This site is intended for health professionals only

Former Push Doctor adviser appointed health minister for innovation

A former advisor to online private GP provider Push Doctor has been appointed as health minister for innovation, a title which includes digital health.

Nicola Blackwood, who sits in the House of Lords, was until recently on the board of the private provider, but has now replaced former health minister Lord O’Shaughnessy, who resigned before Christmas citing family reasons.

This comes as the Government long-term plan – announced last week – promised digital GP appointments for all patients.

Ms Blackwood previously occupied a similar role in the House of Commons – minister for public health and innovation – between 2016 and 2017 before losing her seat at the general election in June 2017.

Since leaving her job as a minister she sat on the board of Push Doctor, until 9 January when she resigned.

She also worked as a health adviser to Lord Mandelson’s Global Counsel lobbying firm.

In April 2017, the Advisory Committee on Business Appointments warned Ms Blackwood about using her ministerial experience for either role.

In relation to her role at Push Doctor, the committee said there ‘may be a risk that Push Doctor could gain an unfair advantage’ due to Ms Blackwood’s Government contacts.

Ms Blackwood will now work with health secretary Matt Hancock leading on, among other things, industry engagement, NHS innovation, and digital and technology.

Push Doctor chief executive officer Wais Shaifta said: ‘Nicola resigned from our board on the 9 January to pursue this fantastic opportunity and she leaves with our thanks and best wishes.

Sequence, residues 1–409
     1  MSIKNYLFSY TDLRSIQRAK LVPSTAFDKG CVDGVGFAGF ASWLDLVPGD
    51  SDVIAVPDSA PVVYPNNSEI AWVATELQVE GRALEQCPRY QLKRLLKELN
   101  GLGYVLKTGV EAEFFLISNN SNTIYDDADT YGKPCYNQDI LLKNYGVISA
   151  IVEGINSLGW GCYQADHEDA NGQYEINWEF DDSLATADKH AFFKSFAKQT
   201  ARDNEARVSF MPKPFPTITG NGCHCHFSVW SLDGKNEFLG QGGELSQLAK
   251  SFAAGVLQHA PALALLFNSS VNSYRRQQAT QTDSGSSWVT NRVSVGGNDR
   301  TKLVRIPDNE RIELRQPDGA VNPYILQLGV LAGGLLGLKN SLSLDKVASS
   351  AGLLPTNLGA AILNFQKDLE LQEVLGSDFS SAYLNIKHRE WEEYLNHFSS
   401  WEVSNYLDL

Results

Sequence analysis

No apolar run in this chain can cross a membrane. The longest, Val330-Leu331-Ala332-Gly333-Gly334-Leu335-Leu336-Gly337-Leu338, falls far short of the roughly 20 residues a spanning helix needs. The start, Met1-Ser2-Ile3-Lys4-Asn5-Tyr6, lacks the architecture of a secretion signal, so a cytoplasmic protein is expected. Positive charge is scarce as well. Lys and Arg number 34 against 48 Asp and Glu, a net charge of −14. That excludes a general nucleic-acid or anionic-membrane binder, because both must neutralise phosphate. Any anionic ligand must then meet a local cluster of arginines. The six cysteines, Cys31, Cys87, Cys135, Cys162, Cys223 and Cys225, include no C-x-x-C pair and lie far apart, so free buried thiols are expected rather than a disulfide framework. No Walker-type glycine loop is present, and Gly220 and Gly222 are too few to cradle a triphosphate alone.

‘The fact she has been appointed to such a prestigious role shows the calibre of individual our board attracts; and how strongly the Government believes in the future of digital health.’

But Labour’s shadow cabinet office minister MP Jon Trickett criticised the move, calling it ‘yet another shocking example of the revolving door between highly paid advisory roles and lobbying, and the Government’.

Mr Hancock has previously come under fire from GPs who accused him of promoting digital first GP provider Babylon, including in a speech at Babylon’s headquarters, where he said Babylon GP at Hand was ‘taking pressure off the NHS’ and expressed a desire for wider access and greater competition ‘so that loads of companies can do what Babylon is doing.’

Last year, Push Doctor launched a pilot programme with a GP super-partnership offering video consultations with GPs.

While Push Doctor normally charges video GP consultations at a cost of £20 to private patients, this pilot offered a temporary service of free appointments for patients registered with a Modality practice.